Need for Brown Law

If ministers misbehave they can be sacked.

There is no ability to do that for a mayor and Watching Brief has a proposal for legislation to change that:

. . .The Minister shall introduce legislation as a matter of urgency providing for the recall and subsequent new election for any elected local government position.

The legislation will be drafted to achieve the following objective;

To allow voters recall a politician if they get the support of at least 10 per cent of the people who voted in the last election. The politician would be removed from office and a by-election would be held. The recalled politician could still run as a candidate. . .

Len Brown’s behaviour and refusal to resign has highlighted council and public impotence in the face of serious transgression by a mayor.

Watching Brief’s proposal should be taken seriously.

It could be called the Brown Law after the man who has shown such legislation is necessary.

Pending that – there is a petition calling on the mayor to resign.

5 Responses to Need for Brown Law

  1. In Colarorado, the number of valid signatures required to force a special recall election is 25% of the votes cast in the last election for the official being recalled. The rules surrounding the enactment and procedure for a recall are in a useful summary here:

    There are links in the article which lead to the specific Section 1 of Article 21 of the Colorado Constitution. This would be a great starting point when we consider framing a similar regulation here – which I think is now a proven necessity.


  2. Armchair Critic says:

    Earlier on today you observed the following:

    First, a quote from a Dom Post editorial

    “There’s the rub. What’s good for the goose is good for the gander.

    Referendums are, as the 1986 Royal Commission on the Electoral System observed, “blunt and crude” instruments.

    They have their place. There are a handful of constitutional issues that should not be decided without reference to the public.

    But generally governments should be left to govern. Issues can seldom be reduced to simple “yes” or “no” questions and the country’s position on serious matters should not be determined by populism. . .”

    Then, in your own supportive words

    Few issues are black and white and therefore most are unsuited to the referendum option of yes or no.

    This has been an expensive exercise in self-promotion for the opposition.”

    So, I have to ask, what makes you think the ability to recall politicians will be treated much differently to the CIRs you apparently dislike so strongly? I reckon there will be no difference at all, and an ability to recall politicians would be even more of an impediment to governance that CIRs are already.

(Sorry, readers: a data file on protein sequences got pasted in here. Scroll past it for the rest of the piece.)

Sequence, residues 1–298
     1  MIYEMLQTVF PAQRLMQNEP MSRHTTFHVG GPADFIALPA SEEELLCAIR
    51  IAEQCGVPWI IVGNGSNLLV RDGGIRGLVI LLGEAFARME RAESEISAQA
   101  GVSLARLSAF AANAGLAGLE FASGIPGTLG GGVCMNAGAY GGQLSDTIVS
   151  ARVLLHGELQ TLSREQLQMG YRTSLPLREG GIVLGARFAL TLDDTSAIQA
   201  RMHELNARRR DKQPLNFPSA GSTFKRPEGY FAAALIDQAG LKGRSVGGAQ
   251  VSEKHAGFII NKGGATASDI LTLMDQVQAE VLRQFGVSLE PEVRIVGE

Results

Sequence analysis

My wry smile has been working overtime for the last couple of weeks. You are aware, no doubt, that Len Brown was given presidential type powers by legislation that was written and passed, in a hell of a hurry, by National. They were warned about the dangers of doing so, and replied blithely with a “trust us, we know what we are doing”. Obviously they didn’t know what they were doing.

    It’s interesting, too, that the quote you provide talks about “politicians”, as opposed to “mayors and councillors”. A fair enough call, in my opinion, after all, what’s good for the goose is good for the gander, so if a power of recall was instituted it should be for all politicians, in both central and local government. A threshold of 10% of votes cast is much lower than the threshold Marc Williams quotes above for Colorado. Even a 25% threshold would be risky. For example, 25% of the turnout from the 2011 general election is significantly fewer voters than those that voted “No” in the recent referendum, and less than twice the number of voters required to initiate the referendum.

    It’s my assessment that while at face value the ability to recall politicians is a nice to have, in practice it would turn into a political football and be horribly misused. It’s only a nice to have at the moment because National stuffed up the legislation, and I suggest you reflect on that (and how it relates to the concept of responsibility) before you get too enthusiastic about the idea.


  3. homepaddock says:

    I agree politicians is too wide. This should be applied to mayors only.

    Whether a mayor should stay or go is a blunt question and therefore suited to a referendum.


  4. Armchair Critic says:

    I disagree. A power of recall should be applied to all politicians equally, or to none at all. My preference is for the latter, especially with a three year electoral cycle.


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